“…The construction of [the] AMBO oil pipeline is of strategic interest for Macedonia, the region and beyond, while the project is concrete proof that the climate of solidarity and understanding exists in this region, and I believe that it will improve the citizens’ living,” declared Buckovski. For his part, Nano called the project “…an excellent example for partnership” as well as “more than exchange of material energy.”

But is the signing merely symbolic? After all, a rival pipeline that looked good to go until recently – the Burgas-Alexandropolis deal between Russia, Bulgaria and Greece – appears to have stalled due to internal disagreements. However, AMBO president Ted Ferguson (erroneously named as “Pat” by the BBC) claims that his project has received $900 million of investor funds “…from the Overseas Private Investment Corporation (OPIC) – a US development agency – the Eximbank and Credit Suisse First Boston, among others.” A big mystery until now had been whether the AMBO project actually had any solid backers. While the cash now appears to be there, an announcement has yet to be made regarding the committing parties among the oil industry.

The construction of the pipeline should take three or four years and when finished will transport 750,000 barrels of oil per day. According to the Sofia News Agency, some 25 percent of the oil to be used has already been supplied.

As could be expected, the Greek government is pushing for the Burgas-Alexandropolis alternative, citing its relative cost-effectiveness and time-saving qualities. However, as backers of AMBO have long pointed out, the Greek project does not really take care of the prevailing environmental concern (that is, avoiding the congested Bosporus shipping lanes), as it merely transfers the problem to the island-congested Aegean. An oil spill in the Aegean would be devastating for Greece’s vital tourism industry.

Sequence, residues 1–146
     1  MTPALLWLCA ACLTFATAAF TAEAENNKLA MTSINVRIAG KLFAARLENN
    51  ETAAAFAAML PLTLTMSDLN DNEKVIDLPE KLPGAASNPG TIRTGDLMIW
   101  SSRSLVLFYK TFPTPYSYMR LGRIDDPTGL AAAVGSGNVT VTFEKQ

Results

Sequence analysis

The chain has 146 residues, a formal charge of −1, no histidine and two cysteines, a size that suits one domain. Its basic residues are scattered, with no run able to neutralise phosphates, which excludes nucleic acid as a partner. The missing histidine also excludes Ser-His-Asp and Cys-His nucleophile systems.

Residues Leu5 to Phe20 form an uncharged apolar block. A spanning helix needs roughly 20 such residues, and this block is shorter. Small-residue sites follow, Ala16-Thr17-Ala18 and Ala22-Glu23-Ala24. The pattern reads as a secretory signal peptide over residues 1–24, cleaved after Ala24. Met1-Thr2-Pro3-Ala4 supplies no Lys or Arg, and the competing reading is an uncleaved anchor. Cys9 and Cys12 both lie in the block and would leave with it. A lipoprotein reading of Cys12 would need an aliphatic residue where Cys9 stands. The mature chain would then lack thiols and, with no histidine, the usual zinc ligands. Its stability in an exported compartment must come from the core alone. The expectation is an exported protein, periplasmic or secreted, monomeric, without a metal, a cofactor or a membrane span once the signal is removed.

The AMBO project, on the other hand, avoids the sea entirely, crossing the Balkan Peninsula overland and terminating at the Adriatic port of Vlore.


Oil: Bulgaria Talks Transit, Greece and Macedonia Make Up

( Research Service)- Owing to its geography, Bulgaria is a natural choice for all future Black Sea oil export routes from the Caspian to the Balkans. As has by now become a usual event, Bulgarian President Georgi Parvanov continued to point this out, this time in talks held last week with Azerbaijani counterpart Ilham Aliyev.

Parvanov concentrated specifically on the proposed AMBO (Albania-Macedonia-Bulgaria) pipeline and the Burgas-Alexandropolis (Greece) pipeline – twin priorities for Bulgaria and other Balkan states with an interest in the future of oil transit through the region.

Stating that “Europe is interested” in Azeri oil and gas, Parvanov characterized Bulgaria as “…a country through which these products can be supplied, and all parties involved are interested in working in this direction.” Aliyev responded by saying that such cooperation “…could be very useful.” The same subjects were broached during this week’s visit to Sofia of Greek President Kostis Stephanopoulos.